JACOB T. WRIGHT.
Richland Township 1872: Jabez Wright, 58. No spouse listed.
FROM THE NEWSPAPERS.
[FLORAL, RICHLAND TOWNSHIP, CORRESPONDENT: “REAL.”]
Winfield Courier, September 23, 1880.
Messrs. Wright and Yarbrough report their sheep in a thriving condition. Also, Mr. L. Dickens, we believe, has a pet lamb.
[JACOB T. WRIGHT: HAS A SPLENDID FLOCK OF SHEEP.]
Winfield Courier, October 14, 1880. Editorial.
Last week, Thursday, Mr. Jacob T. Wright placed at our disposal a fine span of horses and a buggy with an invitation to visit his sheep ranch. We take all such offers because we were brought up among sheep in the Green Mountain state when the Spanish Merino first came into notice and made Vermont prosperous and wealthy. We believe in sheep and in Cowley County as especially fitted for fine grade sheep. We look forward to the time when the farmers of this county will be nabobs of wealth made in the stock and sheep business. Wheat is a good crop when it can be so easily converted into pork, beef, and wool.
Well, we took along our better half, who likes sheep, too, and made the visit. Mr. Wright lives on the right bank of Dutch creek, two and a half miles north northeast of Floral. His post office address is Floral, Cowley County, Kansas. He with his hands was keeping bachelor’s hall, but they got us up a magnificent dinner and treated us with the greatest kindness and courtesy.
Mr. Wright is a gentleman of the old school, of wide intelligence and fine social qualities. He has about three thousand sheep, mostly Merino ewes of high grade. These he does not wish to sell, but might part with a few in small lots to customers for his rams. He has some Missouri ewes and a few Southdown rams, but the flower of his flock consists in about eighty high grade Merino rams. These are good looking, healthy, hardy animals, and among them we saw finer and better rams than some that used to sell in Vermont at from $150 to $500.
Their wool is thick, fine, good length, and sufficiently oily and gummy at the ends. The frames are good sized and well put up and the characteristic wrinkles are abundant. They are completely wooled from nose to hoof. They are from one to three years old and just the kind needed by our amateur sheep men to improve their flocks of native Missouri and Colorado sheep. The prices of these rams will run from $20 to $50, which is very moderate for so choice stock. His rams are mostly from the flocks of Sanford and others, of Whitewater, Wisconsin, an association organized for the purpose of breeding fine and superior sheep, and from Phelps, of Geneva Lake, Wisconsin, who breeds for valuable long staple high grade fleeces. These sheep yield the heaviest fleeces in Wisconsin, and it seems to be a fact that here they yield twenty-five percent heavier fleeces than in Wisconsin, if properly kept and fed. The ewes raised by this association that shear 8 to 9 lbs. in Wisconsin, give 11 to 12 pounds after one winter in this county with corn feed. Bucks which there yield 20 to 25 pounds, here yield 30 to 35.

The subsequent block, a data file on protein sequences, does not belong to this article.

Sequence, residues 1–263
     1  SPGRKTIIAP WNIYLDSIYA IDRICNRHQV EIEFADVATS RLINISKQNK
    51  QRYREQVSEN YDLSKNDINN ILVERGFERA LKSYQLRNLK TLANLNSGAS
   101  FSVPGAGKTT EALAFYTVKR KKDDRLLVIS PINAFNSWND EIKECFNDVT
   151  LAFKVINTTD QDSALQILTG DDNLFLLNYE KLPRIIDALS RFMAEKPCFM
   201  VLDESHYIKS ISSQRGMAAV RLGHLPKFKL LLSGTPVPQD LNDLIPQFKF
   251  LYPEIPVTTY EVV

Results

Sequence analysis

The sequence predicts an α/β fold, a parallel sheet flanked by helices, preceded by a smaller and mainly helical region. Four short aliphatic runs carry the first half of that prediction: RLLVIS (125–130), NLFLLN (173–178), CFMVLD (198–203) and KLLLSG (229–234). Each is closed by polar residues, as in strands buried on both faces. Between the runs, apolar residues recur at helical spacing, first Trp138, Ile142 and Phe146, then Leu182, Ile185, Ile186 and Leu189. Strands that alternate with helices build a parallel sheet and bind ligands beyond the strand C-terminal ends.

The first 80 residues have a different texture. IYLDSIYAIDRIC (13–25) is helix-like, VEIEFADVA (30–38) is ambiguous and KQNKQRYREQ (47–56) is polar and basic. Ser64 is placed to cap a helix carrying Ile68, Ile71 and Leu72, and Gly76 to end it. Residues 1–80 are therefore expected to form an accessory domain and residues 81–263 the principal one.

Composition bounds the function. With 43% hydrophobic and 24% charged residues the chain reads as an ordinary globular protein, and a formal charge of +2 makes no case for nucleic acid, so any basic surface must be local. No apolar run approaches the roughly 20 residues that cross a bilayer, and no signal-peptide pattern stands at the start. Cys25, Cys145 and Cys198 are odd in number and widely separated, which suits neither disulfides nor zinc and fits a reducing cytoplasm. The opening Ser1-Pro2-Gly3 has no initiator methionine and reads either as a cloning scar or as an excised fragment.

Mr. Wright is a farmer and has had long experience in sheep culture. Go and see him in regard to the care of sheep. He is a valuable acquisition to the county and such as he are the factors which will lead our county to wealth.
[FLORAL, RICHLAND TOWNSHIP, CORRESPONDENT: “SIMON.”]
Winfield Courier, November 4, 1880.
Mr. Newt. Yarbrough and party have returned from their trip to the eastern part of the state. Also Messrs. Howard, Wright, and Goodwill have returned from Missouri.
Winfield Courier, November 11, 1880.
For Sale: 170 head of choice Merino Ewes, 2 to 4 years old in fine condition. Call on subscriber, 2 miles N. E. of Floral P. O., Cowley Co., Kansas. JACOB T. WRIGHT.
Note: A study of Arkansas City newspapers does not show any “Jacob Wright” in that location in 1885...
Winfield Courier, Thursday, April 23, 1885.
WEDNESDAY. F. A. Chambers, Jacob Wright, J. P. Musselman, and T. J. Stafford came up last evening from the Terminus.